The Gerber Guide, Chapters 15 and 16

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Chapter 15: The Use of Gerber Viewers

Before sending your Gerber files off to your fabricator, you are often advised to check them using a reputable Gerber viewer such as GC-Prevue. This is excellent advice.

Note that this involves more than just verifying that the viewer displays your intended image: It is important that you check too that the file is valid. Even when handling invalid data, viewers typically try to reverse-engineer the intended image by "reading between the lines." This is perfectly OK, but the file is still invalid and, according to Gerber specification:  An invalid Gerber file is meaningless and does not represent an image.

A file with errors must not be sent to the fabricator as if all is well, even if the intended image is shown. This is because even if your reader has reverse engineered the intended image from the invalid data, another reader may not be so successful. And that reader may be your fabricator's CAM, which will result in scrap. Should this happen, the fault lies squarely with the file. To quote from the Gerber specification: The responsibilities are obvious and plain. Writers must write valid and robust files and readers must process such files correctly. Writers are not responsible for navigating around problems in the readers, nor are readers responsible for solving problems in the writers.

It is therefore extremely important that you check that your files are valid. Invalid files can cause viewers to throw error messages like the one in Figure 1, taken from GC-Prevue.

These messages clearly indicate that there is something very wrong with the file. The question is, what you do if you see such errors? It’s not easy. Low resolution is often the root cause of problems, so it is worth trying to output the file at the resolution recommended in Chapter 10 in this series.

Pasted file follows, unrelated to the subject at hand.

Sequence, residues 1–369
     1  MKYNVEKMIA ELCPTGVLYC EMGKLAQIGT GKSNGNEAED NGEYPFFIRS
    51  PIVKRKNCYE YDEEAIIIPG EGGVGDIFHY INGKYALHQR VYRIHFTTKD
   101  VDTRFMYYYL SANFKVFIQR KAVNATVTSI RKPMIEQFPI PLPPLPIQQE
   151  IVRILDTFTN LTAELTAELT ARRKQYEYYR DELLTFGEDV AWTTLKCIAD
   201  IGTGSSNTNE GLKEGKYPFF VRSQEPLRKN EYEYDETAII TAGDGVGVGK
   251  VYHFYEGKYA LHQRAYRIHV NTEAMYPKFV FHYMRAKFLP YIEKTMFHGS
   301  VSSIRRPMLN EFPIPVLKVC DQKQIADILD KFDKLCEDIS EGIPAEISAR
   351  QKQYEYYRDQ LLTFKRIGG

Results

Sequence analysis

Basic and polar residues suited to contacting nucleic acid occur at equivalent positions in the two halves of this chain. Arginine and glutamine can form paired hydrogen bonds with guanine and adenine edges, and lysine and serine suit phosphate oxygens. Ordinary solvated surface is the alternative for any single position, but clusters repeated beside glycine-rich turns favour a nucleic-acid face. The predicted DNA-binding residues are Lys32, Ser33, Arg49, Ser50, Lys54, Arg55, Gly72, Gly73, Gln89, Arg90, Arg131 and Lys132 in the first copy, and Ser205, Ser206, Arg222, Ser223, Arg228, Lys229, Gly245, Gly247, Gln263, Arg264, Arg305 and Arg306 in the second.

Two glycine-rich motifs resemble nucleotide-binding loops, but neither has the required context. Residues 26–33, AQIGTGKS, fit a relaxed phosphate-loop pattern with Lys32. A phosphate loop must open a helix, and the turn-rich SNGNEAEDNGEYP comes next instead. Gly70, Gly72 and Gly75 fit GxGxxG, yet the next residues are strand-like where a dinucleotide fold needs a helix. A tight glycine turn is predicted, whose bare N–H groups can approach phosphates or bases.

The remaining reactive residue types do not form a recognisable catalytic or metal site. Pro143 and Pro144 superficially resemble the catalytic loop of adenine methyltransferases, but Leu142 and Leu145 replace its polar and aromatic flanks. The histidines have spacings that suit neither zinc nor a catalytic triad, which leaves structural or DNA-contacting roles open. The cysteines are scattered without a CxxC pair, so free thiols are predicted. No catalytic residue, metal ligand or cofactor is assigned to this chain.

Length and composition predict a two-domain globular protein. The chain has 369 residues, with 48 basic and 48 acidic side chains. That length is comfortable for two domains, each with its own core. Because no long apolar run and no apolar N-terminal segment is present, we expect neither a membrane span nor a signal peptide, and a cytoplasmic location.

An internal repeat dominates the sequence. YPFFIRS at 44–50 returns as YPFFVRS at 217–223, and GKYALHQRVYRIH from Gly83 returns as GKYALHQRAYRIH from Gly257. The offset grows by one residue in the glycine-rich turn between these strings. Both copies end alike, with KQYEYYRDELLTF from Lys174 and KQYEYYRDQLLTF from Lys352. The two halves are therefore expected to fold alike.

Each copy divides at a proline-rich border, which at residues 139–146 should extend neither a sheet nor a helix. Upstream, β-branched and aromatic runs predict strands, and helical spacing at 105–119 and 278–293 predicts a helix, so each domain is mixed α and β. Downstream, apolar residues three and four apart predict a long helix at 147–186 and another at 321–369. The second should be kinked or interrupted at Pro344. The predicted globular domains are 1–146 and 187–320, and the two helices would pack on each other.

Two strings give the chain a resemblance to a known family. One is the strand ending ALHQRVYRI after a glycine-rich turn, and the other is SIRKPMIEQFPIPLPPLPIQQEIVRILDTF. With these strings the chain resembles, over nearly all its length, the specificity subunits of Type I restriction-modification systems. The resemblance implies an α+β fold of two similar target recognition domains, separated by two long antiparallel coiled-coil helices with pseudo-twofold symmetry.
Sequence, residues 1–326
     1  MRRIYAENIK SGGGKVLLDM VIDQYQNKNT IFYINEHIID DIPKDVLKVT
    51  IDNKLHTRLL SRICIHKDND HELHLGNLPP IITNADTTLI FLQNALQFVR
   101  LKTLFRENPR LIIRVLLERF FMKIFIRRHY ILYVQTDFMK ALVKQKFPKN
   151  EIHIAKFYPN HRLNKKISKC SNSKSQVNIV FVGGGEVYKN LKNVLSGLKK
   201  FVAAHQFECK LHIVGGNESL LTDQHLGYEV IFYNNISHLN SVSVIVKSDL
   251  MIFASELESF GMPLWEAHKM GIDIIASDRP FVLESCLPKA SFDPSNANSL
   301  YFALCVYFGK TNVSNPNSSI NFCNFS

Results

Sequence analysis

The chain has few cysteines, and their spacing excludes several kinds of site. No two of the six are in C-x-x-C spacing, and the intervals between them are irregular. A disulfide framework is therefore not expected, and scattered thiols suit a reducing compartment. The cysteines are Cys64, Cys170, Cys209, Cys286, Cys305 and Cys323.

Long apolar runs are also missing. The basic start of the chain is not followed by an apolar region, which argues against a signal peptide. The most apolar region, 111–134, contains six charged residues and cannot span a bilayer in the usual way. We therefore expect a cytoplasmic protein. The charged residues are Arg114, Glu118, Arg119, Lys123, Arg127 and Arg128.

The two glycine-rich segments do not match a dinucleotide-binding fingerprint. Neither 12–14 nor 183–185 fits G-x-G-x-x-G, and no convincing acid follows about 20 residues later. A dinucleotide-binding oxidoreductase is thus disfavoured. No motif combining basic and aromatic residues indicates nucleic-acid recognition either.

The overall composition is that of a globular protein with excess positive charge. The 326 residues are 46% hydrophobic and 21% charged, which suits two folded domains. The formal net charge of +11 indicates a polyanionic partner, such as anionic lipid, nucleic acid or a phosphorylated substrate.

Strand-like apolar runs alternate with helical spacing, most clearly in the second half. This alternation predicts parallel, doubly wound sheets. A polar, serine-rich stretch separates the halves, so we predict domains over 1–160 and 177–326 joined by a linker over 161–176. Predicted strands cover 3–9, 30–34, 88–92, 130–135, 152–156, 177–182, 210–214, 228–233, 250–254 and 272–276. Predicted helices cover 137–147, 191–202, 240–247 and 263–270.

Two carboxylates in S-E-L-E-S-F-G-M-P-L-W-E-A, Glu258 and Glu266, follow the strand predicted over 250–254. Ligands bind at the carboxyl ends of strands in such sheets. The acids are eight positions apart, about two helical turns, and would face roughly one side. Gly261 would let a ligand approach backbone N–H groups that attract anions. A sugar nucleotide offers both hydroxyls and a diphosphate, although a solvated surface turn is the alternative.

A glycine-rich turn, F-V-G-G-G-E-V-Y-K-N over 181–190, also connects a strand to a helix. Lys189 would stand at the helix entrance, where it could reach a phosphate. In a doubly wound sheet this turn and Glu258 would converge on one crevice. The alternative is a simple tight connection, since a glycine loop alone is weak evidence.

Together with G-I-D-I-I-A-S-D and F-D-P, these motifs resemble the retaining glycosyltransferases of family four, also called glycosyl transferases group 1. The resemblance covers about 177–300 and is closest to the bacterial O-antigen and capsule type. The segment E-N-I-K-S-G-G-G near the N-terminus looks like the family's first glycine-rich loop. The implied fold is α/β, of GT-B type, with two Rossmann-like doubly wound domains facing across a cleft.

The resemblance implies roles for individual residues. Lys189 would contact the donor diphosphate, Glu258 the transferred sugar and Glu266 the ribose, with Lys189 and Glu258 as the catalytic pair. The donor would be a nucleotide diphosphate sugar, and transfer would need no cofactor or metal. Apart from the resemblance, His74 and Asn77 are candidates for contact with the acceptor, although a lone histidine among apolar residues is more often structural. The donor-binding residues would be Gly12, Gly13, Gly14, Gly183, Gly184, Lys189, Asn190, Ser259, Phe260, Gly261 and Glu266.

The only safe solution is to fix the bugs in the Gerber output software. It is therefore essential that you provide detailed information of the problem to your software supplier so that the bug can be fixed for the future. That said, the chances are that your board cannot wait for this fix and you have no way to output a valid file. This is then a conundrum. You could send the invalid data with the necessary caveats and hope that your fabricator's software, like your reader, will reverse engineer the intended image correctly. If it does, all is well. But this is a risk, so if you decide to do this, always include a netlist as a safeguard, as advised in Chapter 8 in this series. You can also ask your fabricator to send you the images he generates in CAM, so that you can check them for errors.

To read this entire article, which appeared in the July 2016 issue of The PCB Design Magazine, click here.


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